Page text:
Community-Based Participatory Research (CBPR) with Native and Pacific Populations: Addressing Cultural Competency Issues
Joseph Keawe‘aimoku Kaholokula, PhD
Hawai’i Journal of Medicine & Public Health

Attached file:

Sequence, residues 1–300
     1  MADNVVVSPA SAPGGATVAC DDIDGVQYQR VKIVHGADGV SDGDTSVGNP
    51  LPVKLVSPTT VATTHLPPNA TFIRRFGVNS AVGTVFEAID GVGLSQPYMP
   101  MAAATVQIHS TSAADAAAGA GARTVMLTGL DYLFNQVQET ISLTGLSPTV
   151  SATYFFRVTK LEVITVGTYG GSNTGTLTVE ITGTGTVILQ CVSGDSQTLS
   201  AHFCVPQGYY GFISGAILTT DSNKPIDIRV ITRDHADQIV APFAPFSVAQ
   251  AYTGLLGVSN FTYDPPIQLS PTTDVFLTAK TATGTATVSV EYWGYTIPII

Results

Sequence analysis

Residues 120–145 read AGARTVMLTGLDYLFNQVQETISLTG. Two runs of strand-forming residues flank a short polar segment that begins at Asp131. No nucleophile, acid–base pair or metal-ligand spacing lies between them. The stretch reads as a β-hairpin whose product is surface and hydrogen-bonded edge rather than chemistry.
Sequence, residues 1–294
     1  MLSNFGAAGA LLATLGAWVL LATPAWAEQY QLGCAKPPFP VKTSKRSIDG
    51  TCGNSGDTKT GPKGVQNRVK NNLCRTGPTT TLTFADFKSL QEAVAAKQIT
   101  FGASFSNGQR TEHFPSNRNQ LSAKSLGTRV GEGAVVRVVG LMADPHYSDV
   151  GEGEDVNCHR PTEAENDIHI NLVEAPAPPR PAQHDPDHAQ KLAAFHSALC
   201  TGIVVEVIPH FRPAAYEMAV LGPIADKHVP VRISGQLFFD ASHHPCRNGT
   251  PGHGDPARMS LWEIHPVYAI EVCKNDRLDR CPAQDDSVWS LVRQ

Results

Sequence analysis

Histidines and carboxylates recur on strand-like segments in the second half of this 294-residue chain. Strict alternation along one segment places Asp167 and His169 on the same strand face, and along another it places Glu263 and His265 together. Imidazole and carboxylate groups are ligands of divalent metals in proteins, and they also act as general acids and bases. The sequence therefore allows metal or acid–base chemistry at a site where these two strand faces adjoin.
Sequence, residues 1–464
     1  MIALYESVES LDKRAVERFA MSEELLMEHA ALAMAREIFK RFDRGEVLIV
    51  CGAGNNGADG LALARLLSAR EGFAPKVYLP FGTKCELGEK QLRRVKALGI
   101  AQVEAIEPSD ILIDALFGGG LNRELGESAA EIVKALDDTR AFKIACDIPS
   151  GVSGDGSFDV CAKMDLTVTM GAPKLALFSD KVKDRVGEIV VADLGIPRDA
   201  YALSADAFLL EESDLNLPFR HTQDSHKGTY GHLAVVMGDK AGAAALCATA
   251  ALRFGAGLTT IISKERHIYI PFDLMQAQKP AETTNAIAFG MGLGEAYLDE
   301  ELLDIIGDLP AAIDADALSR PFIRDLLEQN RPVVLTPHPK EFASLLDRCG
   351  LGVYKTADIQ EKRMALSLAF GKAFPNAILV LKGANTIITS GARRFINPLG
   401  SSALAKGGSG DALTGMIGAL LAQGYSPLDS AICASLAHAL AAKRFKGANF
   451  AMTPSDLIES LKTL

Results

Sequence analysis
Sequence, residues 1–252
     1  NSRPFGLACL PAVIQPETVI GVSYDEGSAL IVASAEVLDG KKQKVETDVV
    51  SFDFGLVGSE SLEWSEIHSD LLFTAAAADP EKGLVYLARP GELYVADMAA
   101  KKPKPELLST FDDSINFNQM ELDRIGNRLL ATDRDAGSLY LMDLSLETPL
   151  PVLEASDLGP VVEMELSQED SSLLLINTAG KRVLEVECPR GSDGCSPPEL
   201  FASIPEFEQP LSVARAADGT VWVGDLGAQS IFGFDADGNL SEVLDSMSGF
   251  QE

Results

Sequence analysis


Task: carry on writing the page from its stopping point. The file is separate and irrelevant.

The principles/aims of community-based participatory research (CBPR) are well-suited to address cultural competency in research for the following reasons: It accounts for the culture/diversity of a population when developing research ideas and conducting research and it ensures that the research has real-world applications and meets the target population’s sociocultural/linguistic needs. The goals of CBPR and cultural competency directives share key aspirations, which include social justice and health equity, appreciation for diversity, critical thinking, open communication and dialogue, cooperation, and successful conflict resolution. CBPR approaches can also avoid the stereotyping of racial/ethnic and socially disadvantaged populations and account for important within-group differences and contextual factors (eg, socio-economic circumstances). A “best practice” model of CBPR in Native Hawaiian and Pacific Islander communities has emerged from the community-academic partnership of the PILI ‘Ohana Project (POP). The POP partners are the Department of Native Hawaiian Health at the University of Hawai‘i at Mānoa, Hawai‘i Maoli of the Association of Hawaiian Civic Clubs, Kula no na Po‘e Hawai‘i, Ke Ola Mamo, and Kōkua Kalihi Valley Comprehensive Family Services. POP’s mission is to eliminate obesity and obesity-related disparities in Hawai‘i. POP developed two culturally-relevant, community-placed, and evidence-based interventions: The PILI Lifestyle Program and the Partners in Care diabetes self-management program. Factors contributing to POP’s success are the shared vision, mission, and values of the community and academic partners, a co-equal and co-learning research environment, and mutual respect amongst the partners. As a result, the partners built the capacity, social capital, and critical consciousness necessary to effectively address their community-driven health concerns.